From its earliest days, when 19th-century power brokers sought to make it a weekend paradise for wealthy San Franciscans, Burlingame has been one of San Mateo County’s most desirable addresses. The Peninsula is full of great, livable towns, but you’d be hard-pressed to find one as charming as the “City of Trees.”

Burlingame’s origins date back to 1893, when Francis Newlands decided that his father-in-law William Sharon’s dairy lands would make a great setting for a development of country homes and a country club. The Burlingame Country Club was named after Anson Burlingame, Abraham Lincoln’s Ambassador to China, who ironically had only visited the area once, as the guest of Bank of California founder William Ralston.

That the five “cottages” Newlands built sat unsold for years didn’t seem to matter. By 1904, Burlingame had a reputation as being “where San Francisco (had) its country headquarters.”

Burlingame grew quickly, and as a result has more of a traditional architectural feel than many of its Peninsula neighbors. You’ll find plenty of examples of English, Arts and Crafts and Mediterranean architecture, but not much from the second half of the 20th century in its quaint, tree-line neighborhood streets, and its two downtown centers, Burlingame Avenue and Broadway, have the classic “Main Street U.S.A” feel of a long-established town.

Maybe this is one reason why Burlingame is so popular, but it’s only one. Burlingame is so much more than just another pretty face.

Burlingame came to have two downtowns when the city absorbed its northern neighbor, the town of Easton, a century ago. Each has a distinctive character. Broadway, located in the former Easton, is where you’ll find traditional “mom and pop” businesses, grocery stores and pharmacies, along with classic restaurants like the Broadway Grill and Preston’s, a candy store and local institution which has fed the local sweet tooth for 60 years.

Burlingame Avenue, Burlingame’s “original” downtown, has over time evolved into a high-end shopping and dining district. Whether your fancy is unique children’s clothing from Janie and Jack, Baby Couture or Zoli, the latest from Banana Republic or J. Crew, a tailored suit from Sam Malouf or a new iPad from the Apple Store, “The Ave” has you covered.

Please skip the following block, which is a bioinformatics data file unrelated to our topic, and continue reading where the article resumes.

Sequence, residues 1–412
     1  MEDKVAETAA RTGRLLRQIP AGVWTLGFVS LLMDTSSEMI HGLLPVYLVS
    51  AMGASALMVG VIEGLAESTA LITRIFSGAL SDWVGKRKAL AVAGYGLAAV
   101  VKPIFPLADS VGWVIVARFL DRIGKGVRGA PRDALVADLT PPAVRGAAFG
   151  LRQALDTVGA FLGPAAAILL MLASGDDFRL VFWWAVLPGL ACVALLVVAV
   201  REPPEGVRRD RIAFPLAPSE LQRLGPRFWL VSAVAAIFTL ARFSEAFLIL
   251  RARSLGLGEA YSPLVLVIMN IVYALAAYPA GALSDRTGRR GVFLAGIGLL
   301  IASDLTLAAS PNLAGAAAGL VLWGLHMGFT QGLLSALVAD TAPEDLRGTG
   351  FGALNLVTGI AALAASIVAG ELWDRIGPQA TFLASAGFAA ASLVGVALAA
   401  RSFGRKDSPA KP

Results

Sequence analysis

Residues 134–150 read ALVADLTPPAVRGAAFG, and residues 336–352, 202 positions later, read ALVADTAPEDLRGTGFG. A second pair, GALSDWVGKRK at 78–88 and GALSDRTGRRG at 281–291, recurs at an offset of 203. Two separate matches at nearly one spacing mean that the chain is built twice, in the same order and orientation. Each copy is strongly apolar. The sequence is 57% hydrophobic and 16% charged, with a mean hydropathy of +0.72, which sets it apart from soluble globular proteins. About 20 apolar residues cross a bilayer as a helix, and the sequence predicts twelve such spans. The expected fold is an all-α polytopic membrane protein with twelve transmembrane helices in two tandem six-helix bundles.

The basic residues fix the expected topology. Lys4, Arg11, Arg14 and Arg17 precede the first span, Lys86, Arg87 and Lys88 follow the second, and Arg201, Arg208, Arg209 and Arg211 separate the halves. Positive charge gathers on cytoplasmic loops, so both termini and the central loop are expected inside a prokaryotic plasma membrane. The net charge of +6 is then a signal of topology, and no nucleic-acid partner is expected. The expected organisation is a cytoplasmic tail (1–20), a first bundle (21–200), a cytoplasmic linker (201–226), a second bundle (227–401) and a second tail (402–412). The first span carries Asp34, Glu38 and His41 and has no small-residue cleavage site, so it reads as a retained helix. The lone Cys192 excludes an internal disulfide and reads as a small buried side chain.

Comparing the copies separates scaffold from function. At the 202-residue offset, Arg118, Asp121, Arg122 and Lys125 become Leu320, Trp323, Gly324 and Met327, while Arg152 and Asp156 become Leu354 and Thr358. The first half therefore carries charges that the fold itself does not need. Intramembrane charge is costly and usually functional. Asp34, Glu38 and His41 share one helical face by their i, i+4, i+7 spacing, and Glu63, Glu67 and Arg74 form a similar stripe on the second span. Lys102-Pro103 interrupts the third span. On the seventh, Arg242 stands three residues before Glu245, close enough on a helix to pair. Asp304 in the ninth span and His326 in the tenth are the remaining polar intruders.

Burlingame Avenue restaurants range from taquerias to fine dining – and everything in-between.  It’s difficult to resist the allure of longtime Ave. favorite Copenhagen Bakery and just as hard to pass up the fusion fare at Straits, the casual vibe at the Steelhead Brewery or the elegance of Il Fornaio. Though they live only 20 minutes from San Francisco, Burlingame locals have little reason to leave their town to dine out.

Of course, there’s more to life than restaurants and retail; there’re also parks and schools, festivals and fairs, outdoor living and the warmth that comes from living in a close-knit community. Burlingame’s schools are a major draw for families, among the region’s most highly rated. Each fall, the football stands at Burlingame High overflow for the school’s annual “Little Big Game” versus rival San Mateo. Many of the same locals come out in September to watch local dogs, cats, birds, lizards and a few other exotic animals parade down Broadway – some in costume — at the annual Burlingame Pet Parade, a month after joining 125 artists and musicians on The Ave. for the Burlingame Artzfest.

Burlingame has many neighborhood parks, plus Coyote Point, a onetime waterfront amusement park converted into green space, with trails, beaches, a marina and the Coyote Point Museum for Environmental Education.

It’s no mystery why Burlingame is so popular among families, Silicon Valley and San Francisco workers. Who wouldn’t want to join a friendly, attractive community with beautiful residential neighborhoods and two thriving downtowns? Francis Newlands was a just little bit off in his original vision for Burlingame, but locals wouldn’t have it any other way.

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